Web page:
Governments and public institutions are perceived as notoriously slow to innovate, but things are starting to change.
At a SXSW session on the City 2.0, it was clear that large cities are grasping technological innovation with both hands as a way to solve long-running problems. Most major US cities like Chicago and New York have appointed Chief Information Officers or Digital Directors and this is accelerating change at a rate that even exceeds private businesses.
So how are cities innovating? As we wrote in a previous post, the five conditions for fostering innovation revolve around people, stability, training, communication and reducing red tape. So, to become a truly connected city, local governments are working on initiatives based around these conditions.
When it comes to tech talent, many cities are focussed on creating a pipeline. Chicago is currently trialling a publicly-funded initiative that invites the best tech students from other states to the city’s annual rock festival, Riot Fest, for free and taking them to dinner beforehand to woo them into staying. For a long-term solution, it has also been working with key schools to guarantee students an interview with a local tech company on graduation, as well as adding coding to the curriculum with the content developed in partnership with Google.
However, Chicago isn’t the only city entering into these public/private partnerships to attract new talent. Jessica Singleton, Digital Director of New York City, has recently signed a multi-million $ deals with LinkedIn and JP Morgan to attract more tech talent to the city.
Regulation and red tape is often where the public sector falls down. However, many cities such as New York are completely changing their procurement process and ditching legacy practices. This means thinking differently about problems such as what to do with the city’s network of outdated phone boxes. For the first time NYC briefed the problem, not the answer, in an open pitch. It meant that rather than decommissioning the boxes they are now in the process of converting each one into superfast Wi-Fi hotspots, paid for not by the city but through ad revenue.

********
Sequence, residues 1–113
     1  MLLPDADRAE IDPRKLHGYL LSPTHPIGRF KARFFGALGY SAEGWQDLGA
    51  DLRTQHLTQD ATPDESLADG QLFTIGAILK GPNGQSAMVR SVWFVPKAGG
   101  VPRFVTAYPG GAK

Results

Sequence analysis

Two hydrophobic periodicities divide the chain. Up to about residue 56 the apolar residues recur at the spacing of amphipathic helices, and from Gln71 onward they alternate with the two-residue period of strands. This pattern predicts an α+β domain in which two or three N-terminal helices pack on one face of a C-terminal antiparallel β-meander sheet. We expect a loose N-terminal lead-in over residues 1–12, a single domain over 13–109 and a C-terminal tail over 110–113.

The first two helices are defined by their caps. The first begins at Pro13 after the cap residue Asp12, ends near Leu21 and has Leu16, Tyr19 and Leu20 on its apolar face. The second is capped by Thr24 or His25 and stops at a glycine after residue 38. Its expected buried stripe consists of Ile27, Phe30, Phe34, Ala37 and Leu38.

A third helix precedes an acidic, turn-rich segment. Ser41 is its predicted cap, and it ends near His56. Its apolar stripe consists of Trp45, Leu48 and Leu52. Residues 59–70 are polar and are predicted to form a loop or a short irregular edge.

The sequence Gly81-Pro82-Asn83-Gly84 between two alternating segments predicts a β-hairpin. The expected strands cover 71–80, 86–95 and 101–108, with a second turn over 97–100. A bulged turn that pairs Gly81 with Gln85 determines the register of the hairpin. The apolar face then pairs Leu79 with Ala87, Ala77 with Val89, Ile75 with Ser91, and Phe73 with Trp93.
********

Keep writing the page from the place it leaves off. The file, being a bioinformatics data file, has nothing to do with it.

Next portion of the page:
Finding the right partner is also vital. For cities these are often academic institutions, since universities need the city to act as an ‘Urban Lab’ just as much as the other needs innovative solutions. In Chicago they have been developing the Array of Things Project, a joint initiative of Argonne National Laboratory and the University of Chicago, which will use mobile signals to understand pedestrian flow data.
Local start-up also provide a great, low cost agile way to innovate. New York runs “Big Apps”, a hackathon run every year where they specifically release data to help entrants solve the cities problems. Past winners include Heat Seek, a small smart tamper proof box that lives in the apartment and measures the temperature all the time, ideal for tenants to report bad living conditions to landlords.
In Austin, the local government has been working with a local tech company to develop free access data modelling software called Envision Tomorrow, which democratises urban and regional planning. The unique part is that the software is open to all, requiring only the same level of technical skill needed to use Google Maps.
Brands and agencies should be excited about the opportunities of the City 2.0. From new opportunities for public/private partnerships with brands to more sources of data, our cities will become smarter and easier places to live in the next 10 years. What’s more this
The increasing innovation in cities can serve as a model to learn from as every company can think in terms of creating the right ecosystem for innovation; focused on tech talent, a future proof infrastructure and making it as easy as possible to do business. What the examples above prove is that technology for a very large institution doesn’t have to cost millions if the right approach is taken.
Chrissy Totty is Head of Innovation for Vizeum
Keep up to date with the Vizeum Innovation Team’s exploits over in Austin at SXSW by following the latest updates from Chrissy and James on Twitter using #southbyviz